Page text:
Finally, a D300 Near UniWB JPEG
A Near UniWB JPEG for the D300 is finally available for download at
Thank you gollywop for creating this file, and thanks to the Borgs for making it available.
I´m not sure myself how it works but found this thread using search.
Nikon D300, nikon 80 200 F2.8 ED, Nikon 18 200VR, Nikon 14 24 and Nikon 80 400.
Nikon F2AS, Nikon F2SB, Nikkormat EL, Nikkormat FT, Nikon FA.
I´m not sure myself how it works but found this thread using search.
Sounds to me it is important only if you use the color histograms a lot to adjust exposure. The color histogram reflects the distribution of each channel after the white balance is applied. The "UniWB" white balance setting will make the white balance a non-operation, that is, the pixel values are not adjusted by the white balance. I guess your preview will look off-color, but the net result is that the histograms will correspond much more closely to the distribution of color values in the raw data.
Very interesting, but I have to admit that I'm still too much of an amateur to pay a lot of attention to the histogram. For me the "blinkies" are good enough. There are a lot of other aspects of my technique I'll have to work on first :-).
UniWB provides a WB setting that allows the camera's color histograms to reflect far more accurately the exposure of each color channel. These histogram readings, therefore, allow one to assess exposure more correctly.
You would use it when shooting RAW (not JPEG) and would reestablish the correct WB for the shot during PP. The images taken with UniWB do indeed have a very greenish tint as displayed on the camera's LCD, but, of course, the RAW files themselves are not affected by the WB setting -- but the histograms are.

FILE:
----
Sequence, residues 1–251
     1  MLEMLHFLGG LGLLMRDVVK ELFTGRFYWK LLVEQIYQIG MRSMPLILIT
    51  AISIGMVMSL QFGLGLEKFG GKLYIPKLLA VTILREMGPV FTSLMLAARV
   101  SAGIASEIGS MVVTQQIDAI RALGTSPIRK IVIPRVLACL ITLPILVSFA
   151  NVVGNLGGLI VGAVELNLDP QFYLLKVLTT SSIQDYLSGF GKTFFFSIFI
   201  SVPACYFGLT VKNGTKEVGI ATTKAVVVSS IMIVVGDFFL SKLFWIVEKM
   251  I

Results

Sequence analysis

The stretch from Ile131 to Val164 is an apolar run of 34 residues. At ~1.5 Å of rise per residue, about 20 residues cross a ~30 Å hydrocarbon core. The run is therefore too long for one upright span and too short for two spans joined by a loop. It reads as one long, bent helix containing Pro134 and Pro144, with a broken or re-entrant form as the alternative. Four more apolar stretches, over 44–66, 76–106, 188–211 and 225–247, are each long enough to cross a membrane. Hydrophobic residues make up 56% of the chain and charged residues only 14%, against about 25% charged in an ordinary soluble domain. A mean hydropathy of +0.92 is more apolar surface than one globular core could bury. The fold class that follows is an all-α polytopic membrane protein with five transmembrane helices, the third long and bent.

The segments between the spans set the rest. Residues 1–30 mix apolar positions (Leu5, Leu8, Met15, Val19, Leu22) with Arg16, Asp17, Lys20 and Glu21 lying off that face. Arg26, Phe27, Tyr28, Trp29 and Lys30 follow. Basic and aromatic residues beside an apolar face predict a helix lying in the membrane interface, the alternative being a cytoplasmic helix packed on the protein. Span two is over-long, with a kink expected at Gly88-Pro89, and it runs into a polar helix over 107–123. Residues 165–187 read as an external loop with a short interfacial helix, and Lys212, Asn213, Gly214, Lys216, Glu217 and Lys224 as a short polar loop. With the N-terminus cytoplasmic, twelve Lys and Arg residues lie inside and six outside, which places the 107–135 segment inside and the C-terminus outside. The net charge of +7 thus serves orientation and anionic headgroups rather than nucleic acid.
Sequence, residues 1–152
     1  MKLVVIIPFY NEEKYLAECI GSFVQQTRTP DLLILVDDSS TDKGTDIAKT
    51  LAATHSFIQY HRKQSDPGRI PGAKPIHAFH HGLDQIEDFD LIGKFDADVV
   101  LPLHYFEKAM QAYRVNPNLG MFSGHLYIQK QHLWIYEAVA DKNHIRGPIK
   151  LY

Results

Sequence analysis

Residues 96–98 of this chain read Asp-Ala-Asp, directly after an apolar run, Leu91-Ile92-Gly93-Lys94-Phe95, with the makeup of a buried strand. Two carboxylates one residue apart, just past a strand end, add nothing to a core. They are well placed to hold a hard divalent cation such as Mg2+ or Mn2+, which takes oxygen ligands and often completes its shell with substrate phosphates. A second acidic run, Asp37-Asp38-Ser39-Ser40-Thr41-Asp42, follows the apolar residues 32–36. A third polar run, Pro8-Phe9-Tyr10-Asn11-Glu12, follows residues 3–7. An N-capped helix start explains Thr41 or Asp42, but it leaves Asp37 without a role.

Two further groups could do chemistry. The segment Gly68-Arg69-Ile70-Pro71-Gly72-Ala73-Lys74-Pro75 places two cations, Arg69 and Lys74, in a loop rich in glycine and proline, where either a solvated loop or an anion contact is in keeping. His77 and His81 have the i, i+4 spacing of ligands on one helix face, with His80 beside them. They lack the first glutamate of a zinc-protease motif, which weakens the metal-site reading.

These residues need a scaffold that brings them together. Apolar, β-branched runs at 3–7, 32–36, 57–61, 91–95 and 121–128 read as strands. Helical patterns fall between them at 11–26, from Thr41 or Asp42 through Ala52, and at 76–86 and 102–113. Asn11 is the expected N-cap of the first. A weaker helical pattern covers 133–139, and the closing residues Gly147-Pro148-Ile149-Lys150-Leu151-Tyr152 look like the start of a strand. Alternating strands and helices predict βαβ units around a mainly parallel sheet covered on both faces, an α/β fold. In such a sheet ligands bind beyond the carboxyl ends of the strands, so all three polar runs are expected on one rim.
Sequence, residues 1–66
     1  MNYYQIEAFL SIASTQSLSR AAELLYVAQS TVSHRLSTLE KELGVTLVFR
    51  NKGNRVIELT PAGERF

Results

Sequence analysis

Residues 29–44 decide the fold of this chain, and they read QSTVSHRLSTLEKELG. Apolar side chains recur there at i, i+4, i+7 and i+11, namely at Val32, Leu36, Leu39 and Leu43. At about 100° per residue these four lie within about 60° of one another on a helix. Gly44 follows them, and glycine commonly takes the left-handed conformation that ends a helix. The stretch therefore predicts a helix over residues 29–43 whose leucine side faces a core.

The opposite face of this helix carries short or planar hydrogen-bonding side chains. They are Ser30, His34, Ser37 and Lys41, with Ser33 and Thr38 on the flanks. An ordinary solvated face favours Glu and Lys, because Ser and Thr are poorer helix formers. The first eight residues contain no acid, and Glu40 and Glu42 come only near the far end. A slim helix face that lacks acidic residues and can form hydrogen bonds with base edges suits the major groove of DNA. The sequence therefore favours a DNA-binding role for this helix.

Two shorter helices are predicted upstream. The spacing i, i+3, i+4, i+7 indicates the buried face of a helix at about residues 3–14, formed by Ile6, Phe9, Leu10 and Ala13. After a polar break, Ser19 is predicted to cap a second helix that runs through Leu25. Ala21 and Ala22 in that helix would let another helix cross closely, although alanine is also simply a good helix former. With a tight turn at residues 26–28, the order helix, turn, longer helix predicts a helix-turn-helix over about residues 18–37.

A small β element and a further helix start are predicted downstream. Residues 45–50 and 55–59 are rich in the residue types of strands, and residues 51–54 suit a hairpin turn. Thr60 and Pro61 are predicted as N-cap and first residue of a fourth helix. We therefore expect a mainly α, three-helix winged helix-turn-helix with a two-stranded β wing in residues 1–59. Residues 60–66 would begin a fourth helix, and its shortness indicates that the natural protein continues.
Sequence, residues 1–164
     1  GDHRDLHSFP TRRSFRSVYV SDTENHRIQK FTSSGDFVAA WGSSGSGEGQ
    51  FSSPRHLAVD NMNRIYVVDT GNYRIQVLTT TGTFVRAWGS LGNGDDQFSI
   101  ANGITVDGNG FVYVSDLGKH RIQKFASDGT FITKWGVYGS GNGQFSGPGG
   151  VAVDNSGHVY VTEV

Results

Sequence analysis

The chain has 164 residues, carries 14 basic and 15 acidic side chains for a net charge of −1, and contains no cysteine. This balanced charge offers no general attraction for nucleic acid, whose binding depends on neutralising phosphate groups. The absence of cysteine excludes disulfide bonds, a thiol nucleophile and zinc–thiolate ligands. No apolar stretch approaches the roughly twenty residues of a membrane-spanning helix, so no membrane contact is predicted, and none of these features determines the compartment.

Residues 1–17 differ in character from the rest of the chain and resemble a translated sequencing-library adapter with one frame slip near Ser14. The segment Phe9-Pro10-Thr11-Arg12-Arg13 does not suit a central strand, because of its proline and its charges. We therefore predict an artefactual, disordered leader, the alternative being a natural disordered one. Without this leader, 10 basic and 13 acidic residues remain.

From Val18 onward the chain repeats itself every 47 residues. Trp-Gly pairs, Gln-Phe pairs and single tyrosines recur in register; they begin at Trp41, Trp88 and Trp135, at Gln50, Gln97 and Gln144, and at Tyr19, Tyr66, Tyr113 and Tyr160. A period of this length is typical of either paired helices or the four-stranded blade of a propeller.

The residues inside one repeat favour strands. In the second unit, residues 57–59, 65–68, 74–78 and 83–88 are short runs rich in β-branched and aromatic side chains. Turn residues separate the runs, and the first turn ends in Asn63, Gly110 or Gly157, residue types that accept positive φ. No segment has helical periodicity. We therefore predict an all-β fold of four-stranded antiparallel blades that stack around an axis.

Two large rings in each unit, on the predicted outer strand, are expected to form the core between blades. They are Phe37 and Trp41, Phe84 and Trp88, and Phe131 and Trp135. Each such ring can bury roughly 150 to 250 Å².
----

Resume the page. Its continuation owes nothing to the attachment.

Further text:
While this WB can be used at any time, its main value is when the scene is particularly lively in one or more color channels and one needs more accurate information to know the proper exposure to prevent clipping in those channels.
The purpose of the file to be downloaded at
is to provide a JPEG file that allows D300 owners to establish the UniWB as a manual preset in a very convenient manner. The process for effecting this is explained on page 142 of the D300 manual. Essentially, you copy the downloaded image DSC0001 to the image folder on your CF memory card. This folder is located inside the DCIM folder and is named xxxND300, where the x's can vary. Restore the memory card to the camera and follow the instruction on page 142. You can copy the WB information from this JPEG into any of the four manual preset d1, d2, d3, or d4, and then use the chosen preset when you want to employ UniWB.
Note: if you already have a file named DSC0001 on your camera's CF card, you should change the name of the downloaded file to some DSCxxxx that does not conflict.
Thanks again for the NearUniWB file it works great and here is a shot from today with it. The WB looked excellent and I had much less spiking of highlights. I look forward to using it more. I processed the RAW in NX and used my whibal card as a grey reference.
Super catch, Ray; really nice.
We had decent weather today for the first time since I got the Near UniWB going, so I was out today knocking about with it as well. I just got through assessing the results, and I must say, I am impressed. I could push exposure in some instances further than I normally would have and still kept within bounds. But it is going to take some getting used to.